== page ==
The Irish Republican Army claimed Thursday it would end its 36-year campaign of armed struggle against British rule in Northern Ireland, opening the way for the restoration of devolved government in the province by January. But the public opinion is that the action will not certainly follow words.
The IRA statement, which Tony Blair hailed as historic, appeared to bring to a formal close western Europe's bloodiest civil conflict that has cost the lives of 3,600 people. It comes as the UK confronts a new threat from suspected al-Qaida bombers who this month attacked London, previously a main IRA target.
World leaders including George W. Bush, US president, praised the move.
According to Financial Times, Mr. Blair will be in contact with Republican and Unionist leaders to discuss the next steps. Within days, Peter Hain, Northern Ireland secretary, will announce plans to scale back the British security presence in the province, reducing the number of army watchtowers. IRA killers on the run may be offered an amnesty.
The SDLP urged Britain make good on commitments to remove the army from those policing stations in which it still operates and remove army watchtowers from border areas.
Changes on policing will also be key before a suspended Belfast-based assembly, set up under the Good Friday deal and in which Protestants and Catholics together ran Northern Irish affairs, gets back up and running, Reuters says.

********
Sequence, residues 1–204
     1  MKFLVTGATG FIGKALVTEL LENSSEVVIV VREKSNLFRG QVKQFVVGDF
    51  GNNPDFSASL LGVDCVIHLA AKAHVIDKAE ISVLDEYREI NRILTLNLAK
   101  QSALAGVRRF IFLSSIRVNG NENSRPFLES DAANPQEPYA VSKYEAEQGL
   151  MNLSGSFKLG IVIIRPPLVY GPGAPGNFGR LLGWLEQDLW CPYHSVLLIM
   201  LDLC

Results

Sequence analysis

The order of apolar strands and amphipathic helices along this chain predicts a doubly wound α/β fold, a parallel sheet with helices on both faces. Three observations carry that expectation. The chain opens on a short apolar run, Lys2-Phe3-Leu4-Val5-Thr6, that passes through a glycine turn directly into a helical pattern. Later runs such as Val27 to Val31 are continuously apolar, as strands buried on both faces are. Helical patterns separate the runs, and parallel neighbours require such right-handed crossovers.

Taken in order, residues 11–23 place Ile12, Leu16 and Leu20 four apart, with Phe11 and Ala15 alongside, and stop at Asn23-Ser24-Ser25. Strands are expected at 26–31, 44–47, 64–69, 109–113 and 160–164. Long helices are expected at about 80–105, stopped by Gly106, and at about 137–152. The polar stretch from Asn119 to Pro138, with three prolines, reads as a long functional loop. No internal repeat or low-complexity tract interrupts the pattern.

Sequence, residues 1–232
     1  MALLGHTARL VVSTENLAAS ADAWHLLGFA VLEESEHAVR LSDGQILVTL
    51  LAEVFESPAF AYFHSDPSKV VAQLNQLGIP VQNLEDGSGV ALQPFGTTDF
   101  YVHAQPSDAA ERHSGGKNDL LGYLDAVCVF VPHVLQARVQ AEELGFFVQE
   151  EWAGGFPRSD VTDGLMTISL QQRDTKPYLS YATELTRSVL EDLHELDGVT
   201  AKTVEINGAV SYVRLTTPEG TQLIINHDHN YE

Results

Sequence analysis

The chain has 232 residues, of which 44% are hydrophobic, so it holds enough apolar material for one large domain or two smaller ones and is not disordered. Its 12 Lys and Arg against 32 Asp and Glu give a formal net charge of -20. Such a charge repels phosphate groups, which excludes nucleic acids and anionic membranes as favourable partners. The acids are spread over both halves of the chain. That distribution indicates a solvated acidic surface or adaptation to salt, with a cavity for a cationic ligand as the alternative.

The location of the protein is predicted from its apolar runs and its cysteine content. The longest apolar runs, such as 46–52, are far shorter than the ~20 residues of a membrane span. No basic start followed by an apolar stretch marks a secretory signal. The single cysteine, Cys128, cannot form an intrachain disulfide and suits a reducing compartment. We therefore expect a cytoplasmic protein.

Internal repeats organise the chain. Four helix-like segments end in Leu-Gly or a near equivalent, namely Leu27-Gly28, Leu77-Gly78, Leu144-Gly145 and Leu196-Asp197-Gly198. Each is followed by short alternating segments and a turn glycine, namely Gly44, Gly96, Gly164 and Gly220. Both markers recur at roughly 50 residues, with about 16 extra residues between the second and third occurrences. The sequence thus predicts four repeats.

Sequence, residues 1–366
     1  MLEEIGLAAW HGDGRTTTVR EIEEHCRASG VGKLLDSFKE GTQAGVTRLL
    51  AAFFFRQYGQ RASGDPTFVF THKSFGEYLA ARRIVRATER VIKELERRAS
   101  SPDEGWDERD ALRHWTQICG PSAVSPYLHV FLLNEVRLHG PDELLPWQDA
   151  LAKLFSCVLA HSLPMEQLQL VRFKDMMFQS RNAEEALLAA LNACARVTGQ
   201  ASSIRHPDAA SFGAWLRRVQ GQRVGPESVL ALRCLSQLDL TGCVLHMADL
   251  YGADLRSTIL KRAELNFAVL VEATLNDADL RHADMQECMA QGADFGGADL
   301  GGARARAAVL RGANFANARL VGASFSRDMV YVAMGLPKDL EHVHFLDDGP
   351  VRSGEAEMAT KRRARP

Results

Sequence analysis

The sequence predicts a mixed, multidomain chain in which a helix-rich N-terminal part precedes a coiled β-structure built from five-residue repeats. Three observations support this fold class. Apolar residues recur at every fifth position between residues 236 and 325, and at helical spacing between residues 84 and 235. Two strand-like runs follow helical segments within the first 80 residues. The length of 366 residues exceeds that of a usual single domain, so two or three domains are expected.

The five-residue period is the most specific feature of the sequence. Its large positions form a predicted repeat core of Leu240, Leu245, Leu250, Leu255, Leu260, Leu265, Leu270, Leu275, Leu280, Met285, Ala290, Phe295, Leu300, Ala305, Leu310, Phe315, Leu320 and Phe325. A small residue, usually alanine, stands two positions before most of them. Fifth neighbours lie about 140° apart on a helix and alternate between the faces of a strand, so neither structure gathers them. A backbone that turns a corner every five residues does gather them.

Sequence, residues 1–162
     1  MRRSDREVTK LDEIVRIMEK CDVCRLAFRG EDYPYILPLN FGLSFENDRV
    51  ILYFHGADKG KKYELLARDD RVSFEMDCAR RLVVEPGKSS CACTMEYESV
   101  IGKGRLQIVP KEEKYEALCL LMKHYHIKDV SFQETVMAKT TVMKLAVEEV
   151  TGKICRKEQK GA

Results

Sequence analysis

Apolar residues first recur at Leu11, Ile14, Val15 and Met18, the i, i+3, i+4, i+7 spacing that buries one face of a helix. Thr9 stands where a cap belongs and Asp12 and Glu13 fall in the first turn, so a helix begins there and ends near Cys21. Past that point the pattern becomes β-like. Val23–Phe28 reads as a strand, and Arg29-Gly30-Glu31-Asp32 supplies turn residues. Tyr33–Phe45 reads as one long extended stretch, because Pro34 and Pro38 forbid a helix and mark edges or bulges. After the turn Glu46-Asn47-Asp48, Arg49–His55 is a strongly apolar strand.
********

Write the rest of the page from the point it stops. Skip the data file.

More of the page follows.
The IRA was originally used by the Irish Volunteers in 1919 to fight for a free Irish republic in defiance of British colonial rule. When the Southern Ireland won independence in 1937, the IRA continued its battles for the reunification of the whole Irish Island.
It re-emerged in the late 1960s when tensions between republicans and pro-British unionists in Northern Ireland led to riots and the stationing of British troops.
More than 3600 people were killed by the IRA from 1970 to 2005 in shootings and explosions. The IRA also devastated scores of towns and cities in Northern Ireland and England with vehicle bombs and firebombs.
After a year of peace talks, the IRA called a cease-fire in 1994, which ended two years later with a blast in London business district.
Last November, it agreed to allow a Protestant and a Catholic churchman to witness any future decommissioning of its weapons as part of proposals to restore self-rule government in Northern Ireland.
However, the plan was abandoned after the Democratic Unionist Party, the main Protestant party in the province, demanded photographic proof of decommissioning, a demand deemed "unachievable" by republicans.
Sinn Fein, the IRA's political ally, called on the paramilitary group in April this year to abandon armed struggle and use democratic means to resolve disputes.
Sinn Fein's remarks came after a series of setbacks for the IRA. Last year, the group was blamed for a bank robbery involving 26.5 million pounds (49.8 million US dollars) in Northern Bank, Xinhua reminds.
The IRA responded that it was giving "due consideration" to the Sinn Fein's call. And its latest peace statement has been taken by politicians and religious leaders as having the potential to ignite new hope for a lasting peace in Northern Ireland.
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